Kurt Nimmo
August 11, 2011

The British government is frantically throwing out proposals in the wake of three days of rioting in the country following the murder of a man by police.

photoPolitical demonstrators are sprayed with dye in Uganda.

In addition to shutting down Twitter and BlackBerry messaging during civil disturbances, the government is suggesting rioters be sprayed with dye.

The tactic was used in apartheid South Africa against protesters. In 1989, the government deployed a water cannon to indiscriminately spray dye on anti-apartheid demonstrators who would then be later identified and arrested for the crime of marching on parliament. The incident became known as the “Purple Rain Protest.”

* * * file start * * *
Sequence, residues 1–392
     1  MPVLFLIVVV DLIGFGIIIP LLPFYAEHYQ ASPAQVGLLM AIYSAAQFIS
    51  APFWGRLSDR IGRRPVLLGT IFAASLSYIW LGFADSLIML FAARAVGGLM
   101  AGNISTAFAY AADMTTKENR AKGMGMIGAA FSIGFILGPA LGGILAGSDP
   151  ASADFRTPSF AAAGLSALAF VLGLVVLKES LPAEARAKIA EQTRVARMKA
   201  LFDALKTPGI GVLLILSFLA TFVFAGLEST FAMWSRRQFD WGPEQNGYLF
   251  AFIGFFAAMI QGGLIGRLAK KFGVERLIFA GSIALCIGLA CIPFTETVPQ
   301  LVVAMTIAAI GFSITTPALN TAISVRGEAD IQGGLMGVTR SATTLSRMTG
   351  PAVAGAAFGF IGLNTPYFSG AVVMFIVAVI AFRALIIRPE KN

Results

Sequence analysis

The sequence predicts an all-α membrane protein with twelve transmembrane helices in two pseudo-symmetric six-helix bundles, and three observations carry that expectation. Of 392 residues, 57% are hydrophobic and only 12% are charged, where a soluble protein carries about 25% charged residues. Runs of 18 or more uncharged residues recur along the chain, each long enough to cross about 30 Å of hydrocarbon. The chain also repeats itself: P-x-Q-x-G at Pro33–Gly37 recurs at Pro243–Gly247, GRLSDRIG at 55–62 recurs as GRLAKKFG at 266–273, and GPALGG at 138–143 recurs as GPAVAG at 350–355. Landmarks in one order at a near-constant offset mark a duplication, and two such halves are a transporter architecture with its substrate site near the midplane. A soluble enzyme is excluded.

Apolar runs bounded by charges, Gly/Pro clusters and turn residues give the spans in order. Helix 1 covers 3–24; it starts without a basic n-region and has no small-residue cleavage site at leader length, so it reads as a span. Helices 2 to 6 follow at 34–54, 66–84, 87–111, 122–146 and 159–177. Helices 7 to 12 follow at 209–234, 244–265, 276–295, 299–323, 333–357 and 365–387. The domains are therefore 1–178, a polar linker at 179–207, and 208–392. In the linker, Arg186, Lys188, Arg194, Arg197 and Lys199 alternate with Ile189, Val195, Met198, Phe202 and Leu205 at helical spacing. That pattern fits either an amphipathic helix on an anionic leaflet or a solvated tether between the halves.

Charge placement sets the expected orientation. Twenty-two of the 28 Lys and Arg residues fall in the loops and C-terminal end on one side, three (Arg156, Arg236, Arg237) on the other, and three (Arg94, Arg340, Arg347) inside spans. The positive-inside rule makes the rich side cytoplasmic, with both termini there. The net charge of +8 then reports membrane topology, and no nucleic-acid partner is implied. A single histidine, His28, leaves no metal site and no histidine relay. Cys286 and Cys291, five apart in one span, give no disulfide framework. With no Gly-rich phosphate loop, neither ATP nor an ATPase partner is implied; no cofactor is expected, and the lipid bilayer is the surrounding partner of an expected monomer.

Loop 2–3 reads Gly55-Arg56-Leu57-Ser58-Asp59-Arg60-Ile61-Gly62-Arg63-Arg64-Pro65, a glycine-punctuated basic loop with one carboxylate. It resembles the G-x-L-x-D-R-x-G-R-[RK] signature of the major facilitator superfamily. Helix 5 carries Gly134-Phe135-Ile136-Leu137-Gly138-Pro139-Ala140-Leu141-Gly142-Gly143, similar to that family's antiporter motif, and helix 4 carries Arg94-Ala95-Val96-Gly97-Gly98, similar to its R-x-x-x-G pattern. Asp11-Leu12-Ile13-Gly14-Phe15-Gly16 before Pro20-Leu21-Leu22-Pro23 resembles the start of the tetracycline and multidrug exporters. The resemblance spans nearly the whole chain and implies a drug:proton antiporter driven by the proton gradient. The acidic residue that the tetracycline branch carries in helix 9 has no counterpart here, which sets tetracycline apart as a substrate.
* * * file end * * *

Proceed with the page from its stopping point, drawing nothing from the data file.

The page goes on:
Other governments have used brightly colored dye to mark and arrest people. The tactic has been used in the Indian-administered part of Kashmir, Hungary, Bangladesh, Uganda, South Korea and Indonesia.

“The police should look at all available technologies and keep abreast of all potential developments here and in other countries to make sure they arrest as many people as possible,” said British PM David Cameron when questioned about the tactic.

The technique is designed to identify large numbers of people attending political rallies, not looters and vandals mixed in larger crowds of bystanders and others not engaged in criminal behavior.

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